saturday summer sketchcrawl

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This is the Davis Farmer’s Market, a sketch that I did while standing up for the best part of two hours, occasionally talking to people. It was busy, though by the time I was finished all the people had gone and the market stalls had all but packed up. This was the longest sketch I did as part of the “Let’s Draw Davis” sketchcrawl on Saturday, the return of the sketching meetups I used to organize monthly for a few years until my weekend days got just too busy. It was really nice to get out there and sketch with others again, see some old familiar faces, and meet some new sketchers too. We started off at Central Park, and I did some quick people-sketching in my Fabriano sketchbook, using pencil and watercolour. There was an even going on speaking up against oil trains, those big hulking freight trains that carry oil dangerously through residential areas (such as Davis). It was interesting to listen to, I support their cause and I sketched some of the speakers.
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LDDjuly2016 Speaker 2
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Look at me sketching people eh. Below, some of the other sketchers. In the first sketch, of Sonja in the purple hat, I showed off my favourite tip for drawing people, draw a massive hat and avoid the face at all costs. No I’m only kidding, but it looks like that’s what I’m doing! I’m quite pleased with this sketch though, I like the way it turned out, full of character, showing the sketcher busy at work. The other sketchers drawn below are Kim, Sam and Peter, three different seated poses, three different angles.
LDDjuly2016 Sonja
LDDjuly2016 Kim
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LDDjuly2016 Peter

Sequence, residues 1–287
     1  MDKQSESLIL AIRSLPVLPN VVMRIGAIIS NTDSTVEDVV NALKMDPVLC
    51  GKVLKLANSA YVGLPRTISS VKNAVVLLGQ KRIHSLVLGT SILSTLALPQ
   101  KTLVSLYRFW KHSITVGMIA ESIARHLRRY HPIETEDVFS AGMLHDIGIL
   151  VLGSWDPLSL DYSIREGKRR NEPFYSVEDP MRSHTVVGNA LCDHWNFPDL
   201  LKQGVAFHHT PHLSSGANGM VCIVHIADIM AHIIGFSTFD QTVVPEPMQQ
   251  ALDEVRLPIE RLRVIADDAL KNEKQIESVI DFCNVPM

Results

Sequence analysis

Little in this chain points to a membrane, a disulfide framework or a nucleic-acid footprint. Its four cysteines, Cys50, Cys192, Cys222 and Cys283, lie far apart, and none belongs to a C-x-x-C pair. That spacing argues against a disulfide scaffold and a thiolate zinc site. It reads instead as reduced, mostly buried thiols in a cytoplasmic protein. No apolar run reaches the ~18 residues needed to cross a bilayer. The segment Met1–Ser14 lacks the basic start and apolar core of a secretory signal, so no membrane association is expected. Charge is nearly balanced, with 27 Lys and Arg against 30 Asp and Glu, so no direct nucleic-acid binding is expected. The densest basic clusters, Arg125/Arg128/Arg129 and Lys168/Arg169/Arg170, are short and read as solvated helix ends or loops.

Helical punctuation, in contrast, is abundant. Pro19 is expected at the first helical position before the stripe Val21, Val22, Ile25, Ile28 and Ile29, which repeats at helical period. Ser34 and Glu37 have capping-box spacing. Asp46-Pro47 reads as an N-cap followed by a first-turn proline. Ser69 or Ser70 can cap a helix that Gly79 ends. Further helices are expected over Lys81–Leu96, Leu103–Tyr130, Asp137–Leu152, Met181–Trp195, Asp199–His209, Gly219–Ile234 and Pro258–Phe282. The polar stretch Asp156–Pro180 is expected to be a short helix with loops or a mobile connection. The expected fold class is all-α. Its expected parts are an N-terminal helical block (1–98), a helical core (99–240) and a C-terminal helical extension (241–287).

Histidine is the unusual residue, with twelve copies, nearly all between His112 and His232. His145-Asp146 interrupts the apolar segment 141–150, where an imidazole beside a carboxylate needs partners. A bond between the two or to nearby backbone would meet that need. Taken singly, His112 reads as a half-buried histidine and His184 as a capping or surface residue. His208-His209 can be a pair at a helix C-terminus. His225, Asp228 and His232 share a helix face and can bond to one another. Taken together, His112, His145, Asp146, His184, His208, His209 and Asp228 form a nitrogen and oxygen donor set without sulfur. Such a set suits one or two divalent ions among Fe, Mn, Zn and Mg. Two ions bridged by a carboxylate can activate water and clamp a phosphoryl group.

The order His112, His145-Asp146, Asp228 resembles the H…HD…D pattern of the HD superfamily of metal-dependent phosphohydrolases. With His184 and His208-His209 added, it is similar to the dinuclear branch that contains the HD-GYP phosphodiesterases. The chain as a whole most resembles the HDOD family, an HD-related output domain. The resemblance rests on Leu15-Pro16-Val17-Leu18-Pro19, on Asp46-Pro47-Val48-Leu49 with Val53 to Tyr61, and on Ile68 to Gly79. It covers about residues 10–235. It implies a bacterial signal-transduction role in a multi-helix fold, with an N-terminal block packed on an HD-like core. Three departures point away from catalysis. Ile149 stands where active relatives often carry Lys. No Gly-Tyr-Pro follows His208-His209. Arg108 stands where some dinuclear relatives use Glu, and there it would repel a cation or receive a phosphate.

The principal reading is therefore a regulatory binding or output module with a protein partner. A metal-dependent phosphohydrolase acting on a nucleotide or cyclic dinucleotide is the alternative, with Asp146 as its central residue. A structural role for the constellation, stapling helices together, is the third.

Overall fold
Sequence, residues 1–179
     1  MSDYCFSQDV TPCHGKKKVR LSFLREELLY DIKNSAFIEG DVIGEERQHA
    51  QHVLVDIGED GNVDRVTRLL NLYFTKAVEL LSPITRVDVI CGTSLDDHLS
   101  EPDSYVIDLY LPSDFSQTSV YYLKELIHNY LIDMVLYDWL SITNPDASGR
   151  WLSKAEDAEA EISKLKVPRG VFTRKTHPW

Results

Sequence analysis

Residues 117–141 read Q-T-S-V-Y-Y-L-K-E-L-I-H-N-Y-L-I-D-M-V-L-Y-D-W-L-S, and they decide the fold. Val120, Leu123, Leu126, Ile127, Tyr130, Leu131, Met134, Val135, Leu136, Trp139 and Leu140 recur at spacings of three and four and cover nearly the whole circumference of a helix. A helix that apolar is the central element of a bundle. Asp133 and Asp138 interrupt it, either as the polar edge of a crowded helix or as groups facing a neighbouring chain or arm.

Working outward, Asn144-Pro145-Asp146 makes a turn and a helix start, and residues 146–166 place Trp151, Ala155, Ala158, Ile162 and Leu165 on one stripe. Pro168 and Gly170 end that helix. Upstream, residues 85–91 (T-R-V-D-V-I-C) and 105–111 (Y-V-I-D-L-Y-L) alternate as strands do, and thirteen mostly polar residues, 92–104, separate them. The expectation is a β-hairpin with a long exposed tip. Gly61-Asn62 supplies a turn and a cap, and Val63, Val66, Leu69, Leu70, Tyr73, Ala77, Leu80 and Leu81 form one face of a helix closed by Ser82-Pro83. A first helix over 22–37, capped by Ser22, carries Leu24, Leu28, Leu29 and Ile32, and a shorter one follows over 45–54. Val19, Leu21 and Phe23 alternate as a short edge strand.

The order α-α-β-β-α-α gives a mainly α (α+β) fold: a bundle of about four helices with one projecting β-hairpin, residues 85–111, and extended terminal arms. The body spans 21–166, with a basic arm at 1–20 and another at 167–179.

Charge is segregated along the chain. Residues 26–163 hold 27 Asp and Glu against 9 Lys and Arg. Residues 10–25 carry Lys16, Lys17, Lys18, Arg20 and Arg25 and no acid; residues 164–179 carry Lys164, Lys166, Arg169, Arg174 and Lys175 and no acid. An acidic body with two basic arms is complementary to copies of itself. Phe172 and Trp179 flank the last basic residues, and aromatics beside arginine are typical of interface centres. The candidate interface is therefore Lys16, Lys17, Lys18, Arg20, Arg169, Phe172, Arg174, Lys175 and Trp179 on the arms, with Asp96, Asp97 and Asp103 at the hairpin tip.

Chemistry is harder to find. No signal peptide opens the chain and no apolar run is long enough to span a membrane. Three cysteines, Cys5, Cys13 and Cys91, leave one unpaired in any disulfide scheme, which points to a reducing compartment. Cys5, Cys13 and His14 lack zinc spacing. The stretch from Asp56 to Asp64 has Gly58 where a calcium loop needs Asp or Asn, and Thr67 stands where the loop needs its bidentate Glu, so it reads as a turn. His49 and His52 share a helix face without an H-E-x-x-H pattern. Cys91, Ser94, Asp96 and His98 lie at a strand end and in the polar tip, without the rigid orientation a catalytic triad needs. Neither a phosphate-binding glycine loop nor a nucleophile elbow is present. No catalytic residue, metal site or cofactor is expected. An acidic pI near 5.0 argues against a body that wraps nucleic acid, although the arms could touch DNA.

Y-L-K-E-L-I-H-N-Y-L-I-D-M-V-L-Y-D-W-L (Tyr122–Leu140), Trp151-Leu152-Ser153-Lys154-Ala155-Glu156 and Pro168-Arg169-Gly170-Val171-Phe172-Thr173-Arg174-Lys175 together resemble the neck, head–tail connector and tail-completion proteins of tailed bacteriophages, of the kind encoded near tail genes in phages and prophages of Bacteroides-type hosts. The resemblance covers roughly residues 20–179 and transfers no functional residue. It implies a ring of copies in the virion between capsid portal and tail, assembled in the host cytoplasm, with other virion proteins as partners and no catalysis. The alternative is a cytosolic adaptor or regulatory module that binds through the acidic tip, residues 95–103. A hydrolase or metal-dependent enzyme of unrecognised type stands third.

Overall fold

I used three sketchbooks on this sketchcrawl because I enjoy carrying loads of stuff around with me. No, Seawhite #4 was at a close (the Farmer’s Market sketch was the last double-page spread, though the penultimate sketch – I actually finished it next day sketching the Euro final). I enjoy the Seawhite of Brighton sketchbooks now, after seeing what other sketchers did with them when out in France last year, and I was pleased to see another sketcher, Peter, also using a Seawhite. I opened a new sketchbook, the Stillman and Birn ‘Alpha’ landscape, my third one of this particular model (though I have a few other sizes of the Alpha, it’s my favourite paper I think). I drew the newspaper boxes outside Peet’s Coffee in E Street, while my legs started to hurt from all the stand-up sketching. I need to use my stool a little bit more (but I do like having the elevated view of standing up).

E Street newspaper boxes

And then the remaining sketchers met up at the end to look at each others sketchbooks, which is always nice. We got a lot of very nice sketches done that day. Here is a photo I took of everyone holding up their books. By the way, we didn’t lay them all out on the floor and stare at them from six feet up like too many sketchcrawls do these days (pick them up! Pass them around!).  Some of the sketchers that didn’t make it to the end did come and find me before they went and I got to see what they had done, and a few others met me at De Vere’s afterwards having not been at the E Street Plaza end point, so overall it was a very nice day full of sketching in Davis. I do plan to restart Let’s Draw Davis on a monthly basis, but not until October, to coincide with my sketchbook exhibit at the UC Davis Design Museum. In the meantime, Davis sketchers, keep up the good sketching work!

Some of the Davis sketchers...

how to stay in europe

Euro 2016 IRL-ITA